Vivace Influenza

Students with Vivace Influenza are having trouble with slow playing. They struggle to play something at a slow tempo as they can then no longer use their ear or muscle memory to play.

Vivace Influenza: Reverse Metronome Ladder

The metronome is often used to increase the tempo, but the opposite can be very useful too. Little by little we can slow that vivace right down to an andante, or even a largo.


  • Assess what tempo your student is currently playing at and ask her to play with the metronome at this tempo.
  • Slow the tempo by 3-5 bpm and ask her to play again.
  • Repeat this as many times as your student will bear (5/6 is usually quite enough).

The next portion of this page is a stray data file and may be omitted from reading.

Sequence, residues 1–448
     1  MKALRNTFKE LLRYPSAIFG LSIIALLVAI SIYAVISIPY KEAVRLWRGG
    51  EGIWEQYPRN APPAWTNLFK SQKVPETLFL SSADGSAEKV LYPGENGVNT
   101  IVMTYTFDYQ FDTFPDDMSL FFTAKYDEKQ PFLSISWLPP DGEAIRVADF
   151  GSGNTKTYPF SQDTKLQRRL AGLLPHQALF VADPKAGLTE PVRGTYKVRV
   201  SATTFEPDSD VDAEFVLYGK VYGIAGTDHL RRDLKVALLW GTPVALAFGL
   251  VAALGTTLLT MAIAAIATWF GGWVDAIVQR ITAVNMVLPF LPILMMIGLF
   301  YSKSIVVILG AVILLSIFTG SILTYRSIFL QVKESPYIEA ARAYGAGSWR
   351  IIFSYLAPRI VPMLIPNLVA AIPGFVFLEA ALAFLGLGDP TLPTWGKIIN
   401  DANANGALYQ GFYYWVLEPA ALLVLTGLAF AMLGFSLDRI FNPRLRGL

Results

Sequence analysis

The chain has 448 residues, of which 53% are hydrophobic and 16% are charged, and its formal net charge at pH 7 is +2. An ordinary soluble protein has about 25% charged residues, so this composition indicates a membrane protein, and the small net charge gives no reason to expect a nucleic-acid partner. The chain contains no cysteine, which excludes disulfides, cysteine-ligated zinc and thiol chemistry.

• Explain how your student can use the tempo tracking chart at home. Complete one row in the lesson together so you’re sure she gets how the system works.
  • Assign Reverse Metronome Practice for one or more pieces.

Download the printable Reverse Metronome Tracking chart by clicking here.

Vivace Influenza: Copycat

Sometimes simple imitation is the best way to slow your student down. If she’s having trouble slowing down because she doesn’t feel the music when it’s played slowly, this may be the perfect solution for her.


  • Demonstrate a short section at a slow, practice-appropriate tempo.
  • Play the same section again, this time asking her to play along with you. (Play on a second piano or in a different octave.)
  • Repeat this until she is playing with you successfully, then move to the next section and start the exercise again.
  • You can record each section at the slow tempo for her to listen to and play along with at home if you feel she will need that extra helping hand.